Posted on July 27, 2009 in Business Law
Attorney-Client privilege is a particularly tricky issue for attorneys who handle business transactions in Phoenix, as they so often have clients for both legal and non-legal services. A client who requires legal services is protected by quite strict attorney-client privilege ethics rules. However, a client who is provided strictly non-legal services cannot be protected by attorney-client privilege. The ambiguous part comes when a client uses both legal and non-legal services. Transactional attorneys repeatedly face this situation.
- A lawyer may not act unfavorably to a current client.
- A lawyer may act unfavorably to a former client only if the new issue is clearly unrelated to the issue the lawyer handled previously handled.
- A conflict that affects one member of the firm affects all members in the firm.
- A client may waive conflicts if provided proper disclosure and consent. The court usually takes the client’s expected level of sophistication and understanding into account when judging the validity of waivers.
Legal vs. Non-Legal Services
If a lawyer advises on both legal and non-legal matters, it is important to establish what communications will be covered under attorney client privilege and what will not. Attorneys should discuss with the clients the nature of advice they are seeking and warn clients when discussions are not protected. Additionally, transactional attorneys should acquaint themselves with the particular provisions of privilege in their state, as these may differ.
For courts to consider communications privileged the “dominant purpose” of discussion must be about legal matters—and unable to be provided by a non-legal agent. As an example, advice on business strategies is not protected but questions on what structure to form that business would.
Transactional attorneys are much more likely to acquire “accidental” clients, who will also be covered by attorney-client privilege, making attorney-client privilege much more difficult to navigate.
The clients of transactional attorneys often represent not simply people but entities—corporations, trade associations and syndicates. Therefore, more than the single individual in contact with the lawyer may be harmed by a breach of attorney-client privilege. It is crucial for a transactional attorney to establish who is actually a client, and if they receive legal or non-legal services.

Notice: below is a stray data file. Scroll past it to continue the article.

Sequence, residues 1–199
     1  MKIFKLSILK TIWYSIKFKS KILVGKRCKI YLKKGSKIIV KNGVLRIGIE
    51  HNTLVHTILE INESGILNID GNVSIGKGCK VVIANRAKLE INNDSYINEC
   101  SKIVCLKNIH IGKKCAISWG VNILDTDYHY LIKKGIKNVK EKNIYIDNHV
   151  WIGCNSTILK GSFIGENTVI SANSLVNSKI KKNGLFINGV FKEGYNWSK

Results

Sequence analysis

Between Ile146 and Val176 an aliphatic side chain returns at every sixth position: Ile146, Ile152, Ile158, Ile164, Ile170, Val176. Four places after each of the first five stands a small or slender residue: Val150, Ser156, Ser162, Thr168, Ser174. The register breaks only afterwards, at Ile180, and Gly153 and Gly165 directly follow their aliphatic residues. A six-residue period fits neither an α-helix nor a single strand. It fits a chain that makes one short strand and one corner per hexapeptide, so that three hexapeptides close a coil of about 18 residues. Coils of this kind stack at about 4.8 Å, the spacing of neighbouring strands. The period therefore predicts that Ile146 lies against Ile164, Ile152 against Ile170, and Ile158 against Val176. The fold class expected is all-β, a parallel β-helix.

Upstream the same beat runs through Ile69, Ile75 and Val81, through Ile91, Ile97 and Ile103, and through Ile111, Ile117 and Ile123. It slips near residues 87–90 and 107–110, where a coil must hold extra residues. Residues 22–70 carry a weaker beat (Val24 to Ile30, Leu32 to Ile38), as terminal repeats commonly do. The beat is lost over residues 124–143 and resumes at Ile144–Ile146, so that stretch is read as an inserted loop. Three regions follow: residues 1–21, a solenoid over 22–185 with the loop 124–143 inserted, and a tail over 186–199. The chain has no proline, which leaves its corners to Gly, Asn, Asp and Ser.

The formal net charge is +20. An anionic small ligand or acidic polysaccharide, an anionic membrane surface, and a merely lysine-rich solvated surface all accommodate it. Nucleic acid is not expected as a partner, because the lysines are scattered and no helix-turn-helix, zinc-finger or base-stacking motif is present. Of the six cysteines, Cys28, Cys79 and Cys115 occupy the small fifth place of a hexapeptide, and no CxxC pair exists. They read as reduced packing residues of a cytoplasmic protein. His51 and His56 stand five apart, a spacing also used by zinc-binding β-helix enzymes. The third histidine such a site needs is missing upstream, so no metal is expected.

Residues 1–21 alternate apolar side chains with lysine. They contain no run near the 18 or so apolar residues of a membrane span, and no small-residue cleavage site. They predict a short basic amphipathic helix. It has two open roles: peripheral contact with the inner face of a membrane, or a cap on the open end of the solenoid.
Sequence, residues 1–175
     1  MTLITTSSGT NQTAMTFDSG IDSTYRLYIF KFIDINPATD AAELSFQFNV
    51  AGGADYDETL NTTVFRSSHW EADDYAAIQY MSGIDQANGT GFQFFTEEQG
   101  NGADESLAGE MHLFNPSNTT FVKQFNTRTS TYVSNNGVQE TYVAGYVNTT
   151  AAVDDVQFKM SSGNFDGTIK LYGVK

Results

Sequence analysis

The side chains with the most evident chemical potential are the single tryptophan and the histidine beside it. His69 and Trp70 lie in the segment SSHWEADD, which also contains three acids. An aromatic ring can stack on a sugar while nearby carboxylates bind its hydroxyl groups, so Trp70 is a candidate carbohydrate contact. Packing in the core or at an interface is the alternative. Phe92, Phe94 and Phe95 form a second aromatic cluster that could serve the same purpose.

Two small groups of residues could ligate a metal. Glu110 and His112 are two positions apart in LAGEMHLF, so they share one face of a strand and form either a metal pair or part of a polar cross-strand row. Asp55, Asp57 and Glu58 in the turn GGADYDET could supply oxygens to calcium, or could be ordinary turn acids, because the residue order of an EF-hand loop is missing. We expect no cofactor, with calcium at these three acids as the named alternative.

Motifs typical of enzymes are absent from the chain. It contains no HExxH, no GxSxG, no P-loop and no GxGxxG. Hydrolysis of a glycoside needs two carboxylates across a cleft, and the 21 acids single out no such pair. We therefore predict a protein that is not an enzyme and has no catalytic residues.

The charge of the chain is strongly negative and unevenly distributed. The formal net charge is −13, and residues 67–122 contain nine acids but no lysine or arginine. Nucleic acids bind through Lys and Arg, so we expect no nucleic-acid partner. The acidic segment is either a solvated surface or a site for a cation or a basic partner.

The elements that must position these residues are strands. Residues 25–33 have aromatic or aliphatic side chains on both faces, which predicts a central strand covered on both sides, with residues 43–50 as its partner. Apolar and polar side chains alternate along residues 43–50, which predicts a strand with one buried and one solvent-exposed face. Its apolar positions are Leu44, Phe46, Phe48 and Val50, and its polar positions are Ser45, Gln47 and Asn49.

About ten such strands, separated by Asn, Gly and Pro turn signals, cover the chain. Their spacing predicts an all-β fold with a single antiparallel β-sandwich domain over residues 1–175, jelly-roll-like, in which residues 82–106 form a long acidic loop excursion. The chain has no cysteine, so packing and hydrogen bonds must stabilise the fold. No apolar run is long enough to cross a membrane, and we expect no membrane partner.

Please note: attorney-client relationship can be established without the presence of an engagement letter or a fee-paying arrangement. Simply providing legal advice, receiving confidential information or otherwise treating the entity as a client can establish that relationship.
To avoid accidental clients, a letter of engagement from the client stating both who is a client and who is excluded (such as affiliates, parents, subsidiaries etc.) limits the chance of a lawsuit. However, such a letter should be sent to the non-client entities to ensure their consent.
Another grey area that transactional attorneys often find themselves in is the issue of joint representation. Transactional attorneys may represent multiple clients in the same legal matter. Each client is owed zealous representation so problems may arise where there is significant disagreement. While frank discussions may be expressed, where there is “fundamental antagonism” between clients, a lawyer must withdraw representation. It is the responsibility of the attorney to validate that the partners are in agreement of their goals.
When times are good, clients rarely worry about violations of attorney-client privilege. However, when investors lose money, they are quick to blame their transactional attorney whether the financial loss was related with any ethical missteps on the part of the attorney or not. Taking the time to establish conflicts ahead will save transactional attorneys much heartache and financial problems.